The festival of Eid al-Fitr ended a couple of days ago, and most of us in Gaza have just dragged ourselves back to work. After the sluggish month of Ramadan – when most people fasted, followed by a week of almost solid eating, drinking and visiting friends and relatives – it’s actually a bit of relief to get back to being busy every morning.
Paid work has become a luxury in Gaza, which has one of the highest population densities in the world, as well as one of the highest unemployment rates. Imports remain tightly restricted – so there are precious few materials to work with.
I live in a territory full of broken roads and houses, yet more than 80% of construction workers have now been laid off. Factory workers, farm workers, translators, doctors, taxi drivers, fishermen and people with dozens of other professions languish at home, or spend their days seeking work.
Across the Gaza Strip hundreds of thousands of men and women desperately want to work to support their families, and to have a purpose in life, but they have precious little chance of a decent job as long as the Israeli siege of Gaza continues. These are the people who will wearily tell you that: ‘Today was just like yesterday, and will be the same as tomorrow,’ or, as my friend Sabri puts it: ‘Life in Gaza has stopped.’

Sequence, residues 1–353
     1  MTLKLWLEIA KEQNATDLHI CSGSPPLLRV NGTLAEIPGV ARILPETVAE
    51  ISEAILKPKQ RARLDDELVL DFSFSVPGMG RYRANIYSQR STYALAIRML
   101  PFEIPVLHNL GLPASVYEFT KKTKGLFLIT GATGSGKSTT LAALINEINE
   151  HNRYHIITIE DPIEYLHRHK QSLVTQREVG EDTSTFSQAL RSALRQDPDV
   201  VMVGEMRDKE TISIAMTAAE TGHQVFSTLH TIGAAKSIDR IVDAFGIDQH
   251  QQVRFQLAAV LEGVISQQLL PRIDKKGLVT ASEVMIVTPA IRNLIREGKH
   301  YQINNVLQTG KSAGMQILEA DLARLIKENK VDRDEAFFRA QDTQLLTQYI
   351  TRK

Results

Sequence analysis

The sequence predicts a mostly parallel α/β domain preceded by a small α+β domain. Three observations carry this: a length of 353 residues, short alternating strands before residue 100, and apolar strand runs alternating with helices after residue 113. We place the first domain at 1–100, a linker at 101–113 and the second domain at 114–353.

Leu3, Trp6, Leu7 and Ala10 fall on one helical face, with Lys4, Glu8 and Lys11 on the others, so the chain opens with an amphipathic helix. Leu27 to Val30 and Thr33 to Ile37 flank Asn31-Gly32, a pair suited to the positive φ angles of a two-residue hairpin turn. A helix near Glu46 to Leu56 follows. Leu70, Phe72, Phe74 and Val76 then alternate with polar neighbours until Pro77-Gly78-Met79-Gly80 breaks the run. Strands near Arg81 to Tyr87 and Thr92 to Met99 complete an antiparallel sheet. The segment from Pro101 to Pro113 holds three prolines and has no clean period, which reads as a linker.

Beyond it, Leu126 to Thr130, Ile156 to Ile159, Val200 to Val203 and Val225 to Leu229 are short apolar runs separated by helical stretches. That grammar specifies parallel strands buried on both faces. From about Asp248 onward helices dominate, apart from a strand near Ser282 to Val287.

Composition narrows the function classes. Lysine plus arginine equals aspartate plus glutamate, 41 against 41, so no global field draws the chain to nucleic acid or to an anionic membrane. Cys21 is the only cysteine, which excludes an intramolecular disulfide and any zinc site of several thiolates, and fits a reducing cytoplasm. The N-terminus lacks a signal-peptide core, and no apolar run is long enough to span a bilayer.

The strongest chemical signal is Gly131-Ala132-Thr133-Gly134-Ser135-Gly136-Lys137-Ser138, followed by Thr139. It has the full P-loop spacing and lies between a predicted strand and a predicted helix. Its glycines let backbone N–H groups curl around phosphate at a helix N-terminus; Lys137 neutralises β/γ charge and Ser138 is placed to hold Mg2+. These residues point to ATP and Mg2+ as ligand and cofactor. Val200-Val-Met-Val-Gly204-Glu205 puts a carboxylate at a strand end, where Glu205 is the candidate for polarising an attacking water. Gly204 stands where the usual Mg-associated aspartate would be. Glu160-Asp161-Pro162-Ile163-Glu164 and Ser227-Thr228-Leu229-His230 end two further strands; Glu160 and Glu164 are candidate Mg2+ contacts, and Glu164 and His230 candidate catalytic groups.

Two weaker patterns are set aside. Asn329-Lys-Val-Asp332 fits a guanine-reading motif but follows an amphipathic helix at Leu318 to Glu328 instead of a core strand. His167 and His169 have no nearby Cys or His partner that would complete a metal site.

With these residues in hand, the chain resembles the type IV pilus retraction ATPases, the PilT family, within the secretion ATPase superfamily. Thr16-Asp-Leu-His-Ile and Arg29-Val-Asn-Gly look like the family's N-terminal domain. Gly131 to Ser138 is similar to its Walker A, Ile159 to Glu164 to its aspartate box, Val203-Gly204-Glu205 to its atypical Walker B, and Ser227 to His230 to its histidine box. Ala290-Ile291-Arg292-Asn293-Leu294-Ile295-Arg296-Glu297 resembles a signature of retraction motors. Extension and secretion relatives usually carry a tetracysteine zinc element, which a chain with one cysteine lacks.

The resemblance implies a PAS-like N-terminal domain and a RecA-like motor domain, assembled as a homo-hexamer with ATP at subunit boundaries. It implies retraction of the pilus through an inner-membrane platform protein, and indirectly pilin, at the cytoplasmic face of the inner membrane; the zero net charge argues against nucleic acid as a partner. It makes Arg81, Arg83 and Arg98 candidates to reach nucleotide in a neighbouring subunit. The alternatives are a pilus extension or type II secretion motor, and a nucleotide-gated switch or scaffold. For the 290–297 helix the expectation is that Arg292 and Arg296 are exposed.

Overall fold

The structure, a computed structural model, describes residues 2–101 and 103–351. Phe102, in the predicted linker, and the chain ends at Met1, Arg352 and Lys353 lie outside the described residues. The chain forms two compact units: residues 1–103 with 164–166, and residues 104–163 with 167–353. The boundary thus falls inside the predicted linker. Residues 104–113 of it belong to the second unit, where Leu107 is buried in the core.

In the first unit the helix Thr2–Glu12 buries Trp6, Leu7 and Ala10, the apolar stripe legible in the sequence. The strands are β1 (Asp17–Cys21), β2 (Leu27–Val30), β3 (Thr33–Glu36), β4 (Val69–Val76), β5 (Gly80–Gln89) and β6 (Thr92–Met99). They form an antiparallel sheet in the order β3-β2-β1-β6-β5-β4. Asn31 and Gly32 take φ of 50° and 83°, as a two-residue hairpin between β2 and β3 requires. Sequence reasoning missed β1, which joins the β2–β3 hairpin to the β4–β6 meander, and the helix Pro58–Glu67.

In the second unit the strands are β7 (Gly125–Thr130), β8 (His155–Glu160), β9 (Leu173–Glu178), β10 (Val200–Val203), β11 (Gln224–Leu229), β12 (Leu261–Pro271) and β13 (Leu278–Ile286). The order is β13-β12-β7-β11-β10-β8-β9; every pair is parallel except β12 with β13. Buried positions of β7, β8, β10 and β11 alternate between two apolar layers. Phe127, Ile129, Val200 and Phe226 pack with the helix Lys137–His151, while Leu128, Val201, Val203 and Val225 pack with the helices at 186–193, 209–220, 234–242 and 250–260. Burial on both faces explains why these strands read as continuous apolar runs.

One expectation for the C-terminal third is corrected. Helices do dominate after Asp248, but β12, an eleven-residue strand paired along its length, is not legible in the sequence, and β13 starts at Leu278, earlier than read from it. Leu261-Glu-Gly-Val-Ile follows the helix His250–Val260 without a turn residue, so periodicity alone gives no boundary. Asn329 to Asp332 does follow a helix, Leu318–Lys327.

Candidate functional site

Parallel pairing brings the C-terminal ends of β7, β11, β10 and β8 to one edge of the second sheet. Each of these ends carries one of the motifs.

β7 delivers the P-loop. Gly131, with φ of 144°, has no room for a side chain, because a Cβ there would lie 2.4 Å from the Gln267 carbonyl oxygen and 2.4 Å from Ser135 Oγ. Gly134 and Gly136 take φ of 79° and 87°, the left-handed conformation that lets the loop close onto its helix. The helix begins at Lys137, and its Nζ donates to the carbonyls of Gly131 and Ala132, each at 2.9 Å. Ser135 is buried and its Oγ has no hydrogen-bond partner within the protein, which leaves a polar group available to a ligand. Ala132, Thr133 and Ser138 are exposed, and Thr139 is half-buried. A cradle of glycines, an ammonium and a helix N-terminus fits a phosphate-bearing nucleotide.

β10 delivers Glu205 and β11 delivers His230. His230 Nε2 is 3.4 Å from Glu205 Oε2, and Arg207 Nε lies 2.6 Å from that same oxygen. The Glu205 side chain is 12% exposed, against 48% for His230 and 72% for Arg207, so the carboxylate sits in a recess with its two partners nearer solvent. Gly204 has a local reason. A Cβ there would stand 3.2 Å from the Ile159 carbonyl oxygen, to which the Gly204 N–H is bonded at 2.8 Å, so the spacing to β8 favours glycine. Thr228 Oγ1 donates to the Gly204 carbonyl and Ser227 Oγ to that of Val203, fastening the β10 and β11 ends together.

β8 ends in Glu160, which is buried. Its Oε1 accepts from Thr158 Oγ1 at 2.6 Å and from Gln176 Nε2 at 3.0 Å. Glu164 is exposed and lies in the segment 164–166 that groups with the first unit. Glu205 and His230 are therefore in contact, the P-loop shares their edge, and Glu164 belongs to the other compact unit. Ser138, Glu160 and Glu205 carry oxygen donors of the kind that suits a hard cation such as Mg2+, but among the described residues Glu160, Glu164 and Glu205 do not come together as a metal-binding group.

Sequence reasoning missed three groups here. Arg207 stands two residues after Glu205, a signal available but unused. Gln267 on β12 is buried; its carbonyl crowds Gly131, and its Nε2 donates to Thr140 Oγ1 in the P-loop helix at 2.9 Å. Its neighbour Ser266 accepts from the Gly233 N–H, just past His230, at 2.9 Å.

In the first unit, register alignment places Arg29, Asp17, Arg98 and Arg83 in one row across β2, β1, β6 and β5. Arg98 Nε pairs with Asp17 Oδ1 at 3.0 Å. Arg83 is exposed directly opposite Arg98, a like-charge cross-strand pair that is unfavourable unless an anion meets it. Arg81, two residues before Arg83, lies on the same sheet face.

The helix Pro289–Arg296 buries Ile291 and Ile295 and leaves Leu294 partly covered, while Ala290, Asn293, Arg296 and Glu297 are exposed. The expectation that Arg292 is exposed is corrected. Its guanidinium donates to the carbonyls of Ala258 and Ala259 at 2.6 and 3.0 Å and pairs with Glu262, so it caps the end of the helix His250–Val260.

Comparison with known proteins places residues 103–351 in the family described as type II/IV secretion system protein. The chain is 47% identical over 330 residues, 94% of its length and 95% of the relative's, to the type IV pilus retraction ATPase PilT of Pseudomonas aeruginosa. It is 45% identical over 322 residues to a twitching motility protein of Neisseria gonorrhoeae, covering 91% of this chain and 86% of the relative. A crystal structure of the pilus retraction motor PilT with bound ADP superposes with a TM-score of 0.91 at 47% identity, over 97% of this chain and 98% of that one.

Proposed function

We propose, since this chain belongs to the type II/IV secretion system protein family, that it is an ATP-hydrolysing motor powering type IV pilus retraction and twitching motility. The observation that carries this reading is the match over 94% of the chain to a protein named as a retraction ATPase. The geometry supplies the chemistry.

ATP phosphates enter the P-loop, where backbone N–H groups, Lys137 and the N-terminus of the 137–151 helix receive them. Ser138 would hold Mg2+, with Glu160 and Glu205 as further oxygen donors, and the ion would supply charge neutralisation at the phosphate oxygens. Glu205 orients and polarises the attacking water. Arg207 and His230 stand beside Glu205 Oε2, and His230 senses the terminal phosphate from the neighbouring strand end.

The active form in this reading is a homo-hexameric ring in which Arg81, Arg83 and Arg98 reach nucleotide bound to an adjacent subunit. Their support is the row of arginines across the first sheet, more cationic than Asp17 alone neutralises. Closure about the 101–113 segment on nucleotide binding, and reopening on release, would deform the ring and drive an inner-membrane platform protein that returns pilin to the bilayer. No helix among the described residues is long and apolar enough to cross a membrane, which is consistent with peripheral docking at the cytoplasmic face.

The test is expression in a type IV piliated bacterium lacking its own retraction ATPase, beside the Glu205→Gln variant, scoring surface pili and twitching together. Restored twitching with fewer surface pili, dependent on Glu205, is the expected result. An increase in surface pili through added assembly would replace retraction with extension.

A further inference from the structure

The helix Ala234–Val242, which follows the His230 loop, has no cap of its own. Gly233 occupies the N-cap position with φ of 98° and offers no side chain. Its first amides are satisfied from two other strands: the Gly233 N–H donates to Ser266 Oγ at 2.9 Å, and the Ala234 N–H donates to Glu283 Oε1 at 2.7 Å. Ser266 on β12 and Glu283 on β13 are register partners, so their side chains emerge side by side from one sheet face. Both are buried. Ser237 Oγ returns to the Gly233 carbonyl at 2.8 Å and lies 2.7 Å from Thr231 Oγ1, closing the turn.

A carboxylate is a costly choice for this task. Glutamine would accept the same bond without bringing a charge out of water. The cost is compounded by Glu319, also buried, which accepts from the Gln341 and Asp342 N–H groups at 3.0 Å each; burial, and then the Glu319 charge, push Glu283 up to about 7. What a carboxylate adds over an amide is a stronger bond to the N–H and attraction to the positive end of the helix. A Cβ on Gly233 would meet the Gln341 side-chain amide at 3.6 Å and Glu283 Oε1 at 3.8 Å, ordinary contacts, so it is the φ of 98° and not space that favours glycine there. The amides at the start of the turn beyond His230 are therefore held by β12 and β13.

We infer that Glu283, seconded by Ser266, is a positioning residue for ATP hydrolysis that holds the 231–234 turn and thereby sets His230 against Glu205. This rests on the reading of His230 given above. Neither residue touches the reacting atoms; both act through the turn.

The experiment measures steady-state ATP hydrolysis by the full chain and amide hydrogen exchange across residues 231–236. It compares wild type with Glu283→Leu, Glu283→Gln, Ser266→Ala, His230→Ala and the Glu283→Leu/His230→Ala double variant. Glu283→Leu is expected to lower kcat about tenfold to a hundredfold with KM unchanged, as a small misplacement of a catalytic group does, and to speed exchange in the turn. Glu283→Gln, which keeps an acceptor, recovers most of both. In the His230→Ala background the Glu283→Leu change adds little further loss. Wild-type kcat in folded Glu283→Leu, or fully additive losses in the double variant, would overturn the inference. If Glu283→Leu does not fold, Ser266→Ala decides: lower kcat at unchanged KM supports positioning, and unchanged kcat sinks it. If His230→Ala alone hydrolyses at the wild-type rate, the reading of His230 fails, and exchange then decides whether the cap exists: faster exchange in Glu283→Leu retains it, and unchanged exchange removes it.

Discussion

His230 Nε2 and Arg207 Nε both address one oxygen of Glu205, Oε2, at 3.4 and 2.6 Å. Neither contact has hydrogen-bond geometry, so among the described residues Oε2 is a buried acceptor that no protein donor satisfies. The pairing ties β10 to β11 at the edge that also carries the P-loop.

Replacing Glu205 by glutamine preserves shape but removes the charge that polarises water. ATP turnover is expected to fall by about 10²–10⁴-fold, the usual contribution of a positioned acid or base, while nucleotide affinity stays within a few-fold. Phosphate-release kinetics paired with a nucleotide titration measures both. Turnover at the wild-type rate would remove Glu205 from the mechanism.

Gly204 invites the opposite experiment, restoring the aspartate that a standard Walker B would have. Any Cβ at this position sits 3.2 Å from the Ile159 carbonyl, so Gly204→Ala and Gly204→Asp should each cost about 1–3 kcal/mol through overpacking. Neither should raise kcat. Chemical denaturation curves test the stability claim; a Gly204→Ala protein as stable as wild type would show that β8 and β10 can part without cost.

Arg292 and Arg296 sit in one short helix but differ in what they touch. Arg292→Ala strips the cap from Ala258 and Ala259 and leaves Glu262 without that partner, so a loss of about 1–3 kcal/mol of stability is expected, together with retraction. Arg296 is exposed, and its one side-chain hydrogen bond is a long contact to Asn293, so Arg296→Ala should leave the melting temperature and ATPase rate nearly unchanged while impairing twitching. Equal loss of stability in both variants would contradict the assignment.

I walked home from work in the mid-afternoon sun yesterday, feeling a bit knackered, and looking forward to a doze on my couch. I took the same quiet back street that I do most afternoons. On one corner a local family has half a dozen palm trees, their high spindly branches now laden with ripe red dates. A wiry man with sun-blackened skin was literally suspended from the side of one of the palms, ten or twelve metres above the ground. He had a rope harness round his waist, and was maneuvering himself around the trunk by his splayed feet, whilst also shaking the dates into a large plastic bucket. It was quite a feat.
The way he was moving was jerky, but also graceful: he obviously knew his trade. I stood there gawping, and eventually, from high up, he caught my eyes.
‘Hey – foreign lady,’ he called, ‘life is beautiful up here!’ I laughed and beamed at him, thinking how his father and his grandfather too had probably been date-pickers, dependent on nothing but the sun, and the rope around their waist to harvest the dates, savour the ripe fruit, and enjoy the brief but life-affirming pleasure of a job well done.